The Fiji Times Online recently published an article about how the European Union (EU) supports Pacific Islands’ traditional knowledge as a solution, adaptation and mitigation measure for climate change.
In an interview with this newspaper, EU Head of Infrastructure and Natural Resources Jesus Lavina said it was very important that this traditional knowledge is made known to the world as the global community looks for ways to adapt to the growing impact of climate change. Mr Lavina said he supported the idea of traditional knowledge being presented at COP23 in Germany later this year.
After the conclusion of the two-day Climate Action Pacific Partnership event in Suva, Mr Lavina is convinced that traditional knowledge should be taken into consideration. “I was part of one of the working groups and we were talking about adaptations. And one of the points that came out of the discussion is how we can and why we have to combine the traditional knowledge with the new technology and with the science,” he said.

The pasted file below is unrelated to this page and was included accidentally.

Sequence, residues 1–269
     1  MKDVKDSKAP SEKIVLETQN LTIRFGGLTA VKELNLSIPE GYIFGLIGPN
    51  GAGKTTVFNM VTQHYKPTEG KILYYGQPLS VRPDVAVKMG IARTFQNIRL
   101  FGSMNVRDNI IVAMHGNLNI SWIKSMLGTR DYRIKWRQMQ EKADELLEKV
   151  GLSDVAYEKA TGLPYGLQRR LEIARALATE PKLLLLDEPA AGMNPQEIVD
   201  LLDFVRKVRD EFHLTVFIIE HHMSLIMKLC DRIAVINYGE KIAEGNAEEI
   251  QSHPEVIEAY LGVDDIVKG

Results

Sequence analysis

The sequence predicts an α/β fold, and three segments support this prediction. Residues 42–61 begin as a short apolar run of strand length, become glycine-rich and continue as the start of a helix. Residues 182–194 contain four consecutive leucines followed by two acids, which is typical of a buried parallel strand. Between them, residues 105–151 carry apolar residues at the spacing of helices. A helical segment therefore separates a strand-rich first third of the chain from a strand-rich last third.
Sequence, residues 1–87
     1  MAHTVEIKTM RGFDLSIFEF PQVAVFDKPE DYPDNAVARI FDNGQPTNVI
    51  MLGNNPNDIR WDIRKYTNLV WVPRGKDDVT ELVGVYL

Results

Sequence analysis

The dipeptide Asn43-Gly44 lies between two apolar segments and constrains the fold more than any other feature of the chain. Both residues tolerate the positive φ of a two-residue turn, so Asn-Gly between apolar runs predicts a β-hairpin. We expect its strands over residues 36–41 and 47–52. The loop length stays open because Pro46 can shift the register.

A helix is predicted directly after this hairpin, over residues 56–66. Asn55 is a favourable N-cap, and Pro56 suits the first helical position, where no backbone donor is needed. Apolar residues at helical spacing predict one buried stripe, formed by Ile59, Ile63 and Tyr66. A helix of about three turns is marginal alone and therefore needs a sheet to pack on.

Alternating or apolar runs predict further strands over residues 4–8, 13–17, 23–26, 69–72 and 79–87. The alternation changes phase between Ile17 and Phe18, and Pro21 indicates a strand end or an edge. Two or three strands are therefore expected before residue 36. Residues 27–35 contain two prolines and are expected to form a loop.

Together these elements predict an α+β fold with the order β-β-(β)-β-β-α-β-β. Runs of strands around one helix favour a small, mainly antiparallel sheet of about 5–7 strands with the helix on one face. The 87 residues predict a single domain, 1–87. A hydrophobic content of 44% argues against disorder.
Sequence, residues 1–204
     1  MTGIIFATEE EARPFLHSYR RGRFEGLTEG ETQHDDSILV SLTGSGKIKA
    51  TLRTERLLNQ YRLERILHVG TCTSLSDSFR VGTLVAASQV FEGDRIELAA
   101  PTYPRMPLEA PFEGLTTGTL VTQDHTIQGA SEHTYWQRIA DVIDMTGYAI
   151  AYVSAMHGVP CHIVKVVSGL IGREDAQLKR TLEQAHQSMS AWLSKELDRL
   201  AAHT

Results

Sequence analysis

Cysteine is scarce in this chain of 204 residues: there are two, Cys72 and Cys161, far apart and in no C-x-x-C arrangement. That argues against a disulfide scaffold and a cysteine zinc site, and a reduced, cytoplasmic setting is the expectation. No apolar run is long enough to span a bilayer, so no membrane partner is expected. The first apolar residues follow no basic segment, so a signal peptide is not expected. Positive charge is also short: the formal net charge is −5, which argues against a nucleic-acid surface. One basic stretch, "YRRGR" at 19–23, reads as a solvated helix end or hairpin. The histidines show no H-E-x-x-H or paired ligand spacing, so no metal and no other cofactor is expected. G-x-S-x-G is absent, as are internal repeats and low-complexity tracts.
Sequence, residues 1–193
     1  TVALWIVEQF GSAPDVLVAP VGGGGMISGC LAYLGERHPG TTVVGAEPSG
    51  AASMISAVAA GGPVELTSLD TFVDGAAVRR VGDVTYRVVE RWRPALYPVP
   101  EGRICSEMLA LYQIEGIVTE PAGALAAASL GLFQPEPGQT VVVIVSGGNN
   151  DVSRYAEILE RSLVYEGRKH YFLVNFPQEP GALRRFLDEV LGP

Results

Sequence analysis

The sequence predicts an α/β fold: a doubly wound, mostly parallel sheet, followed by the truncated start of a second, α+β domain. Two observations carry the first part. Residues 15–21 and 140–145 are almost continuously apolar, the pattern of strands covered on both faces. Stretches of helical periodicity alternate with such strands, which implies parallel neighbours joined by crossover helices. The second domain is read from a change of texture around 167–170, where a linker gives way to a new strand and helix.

Mr. Lavina also added, “Traditional knowledge is very good, but in order to replicate, collate or make the best use of the traditional knowledge, you must have to incorporate it with scientific knowledge and combine it with techniques that are already available in the Pacific. It is something we have already discussed and we have talked about how we can better share the knowledge and absolutely we will share this during COP 23.”
Crop production and extension co-ordinator for the Pacific Community (SPC), Dr Siosiua Halavatau, said he had found the best adaptation measure for food security. Dr Halavatau said it was traditional knowledge that had the ability of maintaining global temperatures below 2°C.
An article published by this newspaper last month revealed how maritime islands had found an ancient solution to rising sea level and the natural restoration of the shoreline. According to villages in Gau and Kadavu, the stone breakwater was a traditional knowledge which was passed down by their grandfathers that had the natural ability of restoring lost shorelines and protection from rising sea level.
The University of the South Pacific’s Associate Professor for Marine Studies, Dr Joeli Veitayaki said according to their research, breakwater was the best solution to saving islands from the impact of climate change.